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Ellis Island reimagined

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AMERICA BOUND:Immigrants with baggage line up at a teller’s window marked “Money Exchange.” The photo was taken between 1902 and 1915 at Ellis Island, according to the New York Public Library.
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CROSSING OVER:From left,Maconaquah Middle School studentsLogan Williams, Emily Robledo, Korbin Shrock, Trinity Stuber and Jaden Judsonact out roles of early 20th century immigrants and inspectors during an Ellis Island simulation.
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PASSING THE TEST: Maconaquah Middle School seventh-grade student Erika Baber stands for the national anthem after clearing a series of immigration stations during an Ellis Island simulation.

BY CAROLINE EGGERS - ceggers@perutribune.com

Maconaquah Middle School students dived into the roles of early 20th century immigrants and inspectors during an Ellis Island Simulation on Friday.

Ellis Island was an immigration gateway in New York state, and was operational from 1892 to 1954.

The history and English classes of MAC teachers Jennifer Lorona and Michael Sommers participated in the unique lesson in early American immigration.

Lorona’s students acted as 1900 Ellis Island inspectors, and Sommers’ students took on the roles of immigrants from Russia, Eastern Europe and elsewhere.

The kids were split into different stations: background, vocation, character, character appeals, health, and health appeals. The final stations were clearance, and swearing in, or deportation.

At the character station, the kids acting as inspectors asked the “immigrants” about their religion, marriage or divorce status and whether they were kicked out of their country.

At the character appeals station, a girl asked, “What’s your story, why do you want to come to America?”

The health stations reviewed immunizations and self-reported health histories, which the students running the station said what seemed to be “standard stuff.”

The children could follow or deviate from their provided script.

The kids playing the roles of  immigrants were encouraged not to expose the truth – especially regarding health – and the inspectors were supposed to pick up on cues, Lorona said.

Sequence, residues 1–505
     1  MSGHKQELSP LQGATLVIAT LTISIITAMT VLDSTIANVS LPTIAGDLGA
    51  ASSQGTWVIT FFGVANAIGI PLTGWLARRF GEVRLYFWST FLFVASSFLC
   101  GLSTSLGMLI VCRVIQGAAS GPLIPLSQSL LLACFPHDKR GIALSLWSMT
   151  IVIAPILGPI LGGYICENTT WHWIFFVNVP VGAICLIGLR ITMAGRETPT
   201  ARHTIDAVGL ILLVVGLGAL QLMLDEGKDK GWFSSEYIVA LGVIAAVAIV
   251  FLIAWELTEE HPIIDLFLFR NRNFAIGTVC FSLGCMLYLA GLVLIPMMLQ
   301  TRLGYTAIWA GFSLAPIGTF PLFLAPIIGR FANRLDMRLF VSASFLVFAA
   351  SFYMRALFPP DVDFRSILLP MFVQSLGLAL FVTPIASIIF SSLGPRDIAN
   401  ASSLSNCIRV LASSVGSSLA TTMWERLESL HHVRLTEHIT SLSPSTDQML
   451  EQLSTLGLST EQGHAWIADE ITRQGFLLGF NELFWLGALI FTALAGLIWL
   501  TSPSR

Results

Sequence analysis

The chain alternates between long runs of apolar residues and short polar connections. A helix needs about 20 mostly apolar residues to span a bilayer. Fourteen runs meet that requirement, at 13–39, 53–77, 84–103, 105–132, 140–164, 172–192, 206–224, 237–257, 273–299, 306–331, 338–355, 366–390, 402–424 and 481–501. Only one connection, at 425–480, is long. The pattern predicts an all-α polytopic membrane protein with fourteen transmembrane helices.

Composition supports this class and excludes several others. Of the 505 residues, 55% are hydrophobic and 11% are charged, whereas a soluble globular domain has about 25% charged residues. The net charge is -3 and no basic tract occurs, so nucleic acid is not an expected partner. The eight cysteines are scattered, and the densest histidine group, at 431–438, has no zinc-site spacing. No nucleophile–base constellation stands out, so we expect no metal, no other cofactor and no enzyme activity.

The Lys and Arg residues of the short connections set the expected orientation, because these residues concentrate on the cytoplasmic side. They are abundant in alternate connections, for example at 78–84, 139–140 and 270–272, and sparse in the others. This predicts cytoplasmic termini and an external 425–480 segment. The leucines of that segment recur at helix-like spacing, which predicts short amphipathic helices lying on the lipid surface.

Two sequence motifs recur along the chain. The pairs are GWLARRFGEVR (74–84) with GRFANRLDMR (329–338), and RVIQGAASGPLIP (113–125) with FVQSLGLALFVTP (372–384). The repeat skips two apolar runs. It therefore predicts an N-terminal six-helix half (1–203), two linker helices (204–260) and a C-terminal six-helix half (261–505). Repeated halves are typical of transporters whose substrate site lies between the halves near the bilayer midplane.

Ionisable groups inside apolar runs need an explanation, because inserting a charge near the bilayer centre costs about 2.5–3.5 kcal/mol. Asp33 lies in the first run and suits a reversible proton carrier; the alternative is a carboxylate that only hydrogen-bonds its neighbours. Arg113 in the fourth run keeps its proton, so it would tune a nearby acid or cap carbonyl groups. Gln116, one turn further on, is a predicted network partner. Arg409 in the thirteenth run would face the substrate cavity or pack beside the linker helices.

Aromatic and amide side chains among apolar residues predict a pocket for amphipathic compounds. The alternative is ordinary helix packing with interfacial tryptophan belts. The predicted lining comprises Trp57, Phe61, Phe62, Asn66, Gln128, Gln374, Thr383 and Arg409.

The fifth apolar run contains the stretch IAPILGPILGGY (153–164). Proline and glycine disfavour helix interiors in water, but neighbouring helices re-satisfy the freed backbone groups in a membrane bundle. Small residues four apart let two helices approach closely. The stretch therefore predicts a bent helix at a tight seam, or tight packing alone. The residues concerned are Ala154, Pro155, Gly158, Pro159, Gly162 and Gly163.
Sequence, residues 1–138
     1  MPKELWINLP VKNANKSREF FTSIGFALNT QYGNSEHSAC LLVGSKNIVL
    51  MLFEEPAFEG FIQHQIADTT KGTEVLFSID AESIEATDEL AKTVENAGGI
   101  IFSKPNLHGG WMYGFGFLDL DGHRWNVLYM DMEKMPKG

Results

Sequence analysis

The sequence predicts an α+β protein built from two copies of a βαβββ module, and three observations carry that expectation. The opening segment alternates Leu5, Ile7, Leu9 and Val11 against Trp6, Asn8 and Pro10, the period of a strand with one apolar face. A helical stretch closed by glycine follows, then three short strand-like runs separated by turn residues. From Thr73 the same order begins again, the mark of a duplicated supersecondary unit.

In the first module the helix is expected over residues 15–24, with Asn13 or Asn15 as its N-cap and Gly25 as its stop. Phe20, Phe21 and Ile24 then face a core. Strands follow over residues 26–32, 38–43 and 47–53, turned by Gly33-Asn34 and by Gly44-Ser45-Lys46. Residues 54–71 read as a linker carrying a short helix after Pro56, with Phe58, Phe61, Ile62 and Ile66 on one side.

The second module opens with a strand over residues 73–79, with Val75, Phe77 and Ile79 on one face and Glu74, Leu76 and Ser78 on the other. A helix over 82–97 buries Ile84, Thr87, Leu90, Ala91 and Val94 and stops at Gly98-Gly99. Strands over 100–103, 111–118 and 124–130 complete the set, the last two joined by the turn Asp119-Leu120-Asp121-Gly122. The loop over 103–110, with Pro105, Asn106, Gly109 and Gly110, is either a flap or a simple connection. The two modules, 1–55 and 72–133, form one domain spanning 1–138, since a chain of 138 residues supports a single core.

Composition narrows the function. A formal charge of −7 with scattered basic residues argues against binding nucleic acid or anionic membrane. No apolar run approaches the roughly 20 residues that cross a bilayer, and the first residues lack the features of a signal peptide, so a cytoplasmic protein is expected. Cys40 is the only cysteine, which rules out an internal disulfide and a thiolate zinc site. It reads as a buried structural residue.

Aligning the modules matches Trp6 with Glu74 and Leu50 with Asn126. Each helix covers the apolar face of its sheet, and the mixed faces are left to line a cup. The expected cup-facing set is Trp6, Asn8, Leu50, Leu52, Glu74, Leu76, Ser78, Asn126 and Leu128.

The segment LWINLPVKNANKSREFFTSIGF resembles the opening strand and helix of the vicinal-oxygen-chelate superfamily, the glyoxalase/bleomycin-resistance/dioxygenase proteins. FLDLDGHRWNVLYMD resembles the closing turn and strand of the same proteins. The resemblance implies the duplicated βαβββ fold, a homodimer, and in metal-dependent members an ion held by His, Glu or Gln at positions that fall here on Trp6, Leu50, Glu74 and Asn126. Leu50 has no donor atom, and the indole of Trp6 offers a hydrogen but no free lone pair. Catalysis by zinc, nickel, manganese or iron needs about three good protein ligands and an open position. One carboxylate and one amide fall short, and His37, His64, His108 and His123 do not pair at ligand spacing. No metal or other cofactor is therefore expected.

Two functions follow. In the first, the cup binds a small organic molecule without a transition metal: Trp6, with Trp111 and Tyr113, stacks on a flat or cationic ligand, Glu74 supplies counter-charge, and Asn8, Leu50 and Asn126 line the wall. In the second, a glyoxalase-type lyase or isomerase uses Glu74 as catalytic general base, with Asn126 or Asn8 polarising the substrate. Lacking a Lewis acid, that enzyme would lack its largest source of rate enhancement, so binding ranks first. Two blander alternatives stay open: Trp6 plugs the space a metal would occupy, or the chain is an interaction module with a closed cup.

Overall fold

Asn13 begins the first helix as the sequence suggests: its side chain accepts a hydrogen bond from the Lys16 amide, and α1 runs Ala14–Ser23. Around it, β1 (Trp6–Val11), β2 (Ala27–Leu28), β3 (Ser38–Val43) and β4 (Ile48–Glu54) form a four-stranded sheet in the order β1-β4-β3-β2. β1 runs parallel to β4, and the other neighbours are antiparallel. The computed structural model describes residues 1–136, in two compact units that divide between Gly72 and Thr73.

Many of the deportees were from Italy.

On Monday, Lorona intends to debrief the students on what would have actually happened.

Many of those who passed through the stations would have been denied at the actual Ellis Island

“The inspectors were going easy on them,” Lorona said.

One student said she never thought about immigration before, and said she was beginning to see the layers.

The teachers expressed gratitude for the opportunity to collaborate outside of the classroom.

“It’s nice to work to work with other teachers,” Lorona said.

Leading up to the activity, students learned about the evolution of immigration from 1800s to present in the classroom.

 Students learned how the U.S. historically restricted immigration, what it was like to be interrogated, and reflected upon immigration today – debating topics such as whether there should still be an Ellis Island, which closed in 1954, or if the U.S. should build a wall.

“They’re looking at the pros and cons of illegal immigrants,” Lorona said, “and what’s forcing them away from their homelands.”

Her students expressed views from opposite ends of the spectrum.

The students are also acknowledging the role racism and discrimination played into the immigration process, Lorona said, or how people were turned away because of a genetic disease like arthritis.

An important part of the lesson is that immigration has always been – and continues to be – part of the American landscape, according to Lorona.  

The first North American “immigrants” – and eventually Native American ancestors – crossed what was once the Bering Land Bridge between Eurasia and Alaska between 12,000 and 20,000 years ago, during the end of the last glacial period, according to recent studies.

Then the Vikings crossed the Atlantic around 1000 C.E., followed by the great European migration about 500 years later, according to The Statue of Liberty – Ellis Island Foundation.

During the 19th century, millions of people from Ireland, the German Empire, Britain and the Austro-Hungarian Empire crossed over, partially due to famine. About 230,000 people came from China, and 50,000 people from Africa, according to The Statue of Liberty- Ellis Island Foundation.

In the early 1900s – the experience the students portrayed on Friday – Ellis Island received the most people from Italy, the Austro-Hungarian Empire and the Russian Empire.